More than 20 per cent of babies born to mothers taking some anti-epileptic medicines during pregnancy are born with congenital malformations - but not taking them could put expectant mothers at risk.
A new awareness campaign launched today aims to highlight the importance of women using anti-convulsants talking to their doctors about the best way to keep themselves and their baby safe.
The medications could cause deformities or learning problems in babies but not taking them could pose a significant risk to expectant mothers.
"We need to drive home the critical message that women who take anti-convulsant medication need to discuss the risks and benefits with their doctor, even if they aren't actively planning on getting pregnant," said ACC chief clinical adviser Dr Peter Robinson.
"There is a very delicate balance that needs to be struck.
"The harm caused by these medicines happens in the very early stages of pregnancy, often before you are aware you are pregnant, so it is important women know the potential risks and can plan accordingly. But it is equally important that women do not reduce, or stop taking, their medicine without speaking to their medical practitioner first, even if they think they are pregnant.
"The foetal risks can only be reduced by decreasing the dose or changing the medicine, but this must be balanced against the risk to the mother, especially if they have epilepsy as seizures can be life-threatening when not controlled by medication."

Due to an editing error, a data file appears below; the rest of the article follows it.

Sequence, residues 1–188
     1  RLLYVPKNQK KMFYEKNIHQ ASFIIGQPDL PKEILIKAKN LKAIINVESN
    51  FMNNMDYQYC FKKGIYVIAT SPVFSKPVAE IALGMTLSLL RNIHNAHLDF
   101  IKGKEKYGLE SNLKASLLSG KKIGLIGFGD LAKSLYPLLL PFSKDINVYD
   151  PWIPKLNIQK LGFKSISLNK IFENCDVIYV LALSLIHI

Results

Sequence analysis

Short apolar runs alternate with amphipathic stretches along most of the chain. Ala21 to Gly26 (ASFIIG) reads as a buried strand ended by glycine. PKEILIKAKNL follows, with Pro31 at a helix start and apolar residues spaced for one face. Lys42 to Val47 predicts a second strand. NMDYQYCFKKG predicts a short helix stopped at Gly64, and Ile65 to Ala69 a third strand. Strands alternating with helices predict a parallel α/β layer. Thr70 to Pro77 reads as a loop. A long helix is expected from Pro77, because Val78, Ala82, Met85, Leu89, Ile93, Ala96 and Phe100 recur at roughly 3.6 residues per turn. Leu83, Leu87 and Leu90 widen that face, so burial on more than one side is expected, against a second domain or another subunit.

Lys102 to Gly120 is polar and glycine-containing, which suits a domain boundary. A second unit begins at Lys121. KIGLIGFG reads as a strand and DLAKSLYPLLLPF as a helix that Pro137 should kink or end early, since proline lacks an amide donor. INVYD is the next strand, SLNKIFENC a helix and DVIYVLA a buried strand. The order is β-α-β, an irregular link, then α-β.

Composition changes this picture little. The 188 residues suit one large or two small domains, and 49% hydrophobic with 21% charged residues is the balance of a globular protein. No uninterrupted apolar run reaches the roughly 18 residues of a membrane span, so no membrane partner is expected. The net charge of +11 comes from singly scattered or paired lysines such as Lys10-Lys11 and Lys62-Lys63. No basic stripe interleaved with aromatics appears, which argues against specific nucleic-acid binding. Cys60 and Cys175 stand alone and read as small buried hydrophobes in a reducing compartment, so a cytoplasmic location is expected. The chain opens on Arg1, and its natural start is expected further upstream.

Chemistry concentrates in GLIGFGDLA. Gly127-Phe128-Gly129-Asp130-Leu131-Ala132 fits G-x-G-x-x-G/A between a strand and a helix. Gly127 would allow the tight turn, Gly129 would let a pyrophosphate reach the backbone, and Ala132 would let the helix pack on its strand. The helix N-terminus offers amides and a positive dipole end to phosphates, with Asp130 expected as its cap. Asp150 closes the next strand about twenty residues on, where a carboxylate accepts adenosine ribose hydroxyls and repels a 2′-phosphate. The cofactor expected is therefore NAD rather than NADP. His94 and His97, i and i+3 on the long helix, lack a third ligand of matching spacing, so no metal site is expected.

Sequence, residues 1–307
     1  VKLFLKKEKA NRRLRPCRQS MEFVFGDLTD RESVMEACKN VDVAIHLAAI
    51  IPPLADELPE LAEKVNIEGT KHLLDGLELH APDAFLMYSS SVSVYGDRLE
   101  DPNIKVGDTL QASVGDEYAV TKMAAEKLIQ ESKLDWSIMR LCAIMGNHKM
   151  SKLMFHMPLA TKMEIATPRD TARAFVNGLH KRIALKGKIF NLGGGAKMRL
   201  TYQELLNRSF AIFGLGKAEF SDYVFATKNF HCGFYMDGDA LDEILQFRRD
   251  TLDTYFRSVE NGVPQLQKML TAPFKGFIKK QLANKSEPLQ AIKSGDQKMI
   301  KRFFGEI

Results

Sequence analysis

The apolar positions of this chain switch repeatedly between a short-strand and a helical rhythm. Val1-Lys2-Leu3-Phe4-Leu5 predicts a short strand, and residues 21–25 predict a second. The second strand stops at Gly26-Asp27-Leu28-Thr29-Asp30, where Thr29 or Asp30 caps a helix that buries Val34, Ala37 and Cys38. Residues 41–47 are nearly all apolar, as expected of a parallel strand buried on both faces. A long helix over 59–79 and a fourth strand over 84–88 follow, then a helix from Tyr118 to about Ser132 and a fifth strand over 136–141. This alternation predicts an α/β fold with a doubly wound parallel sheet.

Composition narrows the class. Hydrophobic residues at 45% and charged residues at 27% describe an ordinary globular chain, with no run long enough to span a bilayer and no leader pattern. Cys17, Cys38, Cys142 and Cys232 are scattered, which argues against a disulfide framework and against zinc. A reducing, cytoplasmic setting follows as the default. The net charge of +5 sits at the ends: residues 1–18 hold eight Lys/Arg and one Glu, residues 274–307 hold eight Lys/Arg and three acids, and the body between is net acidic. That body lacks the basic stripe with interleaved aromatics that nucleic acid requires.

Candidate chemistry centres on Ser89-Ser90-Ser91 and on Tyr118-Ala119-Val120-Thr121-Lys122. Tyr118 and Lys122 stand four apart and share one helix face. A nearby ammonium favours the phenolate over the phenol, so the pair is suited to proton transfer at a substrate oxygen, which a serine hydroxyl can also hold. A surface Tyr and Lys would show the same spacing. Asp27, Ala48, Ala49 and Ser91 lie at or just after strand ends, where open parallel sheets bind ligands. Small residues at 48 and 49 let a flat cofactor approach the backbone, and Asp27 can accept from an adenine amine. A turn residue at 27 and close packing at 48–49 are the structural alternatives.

Robinson said that while all anti-epileptic medicine carried risk, sodium valproate carried the greatest risk with a reported rate of congenital malformations of up to 24 per cent for babies exposed to doses greater than 1500mg per day, compared with two to three per cent in the general population.
Children born to mothers taking doses of sodium valproate greater than 800mg a day in pregnancy had an average decrease in IQ of seven to ten points, and were eight times more likely to require educational intervention when they were six-years-old, he said.
Pharmac dispensing data indicated that 28,536 women of childbearing age took anti-epileptic medication in 2016.
The awareness campaign launched today was being run by ACC, the Ministry of Health, the Health Quality and Safety Commission, and Foetal Anti-Convulsant Syndrome New Zealand.
More information can be found here.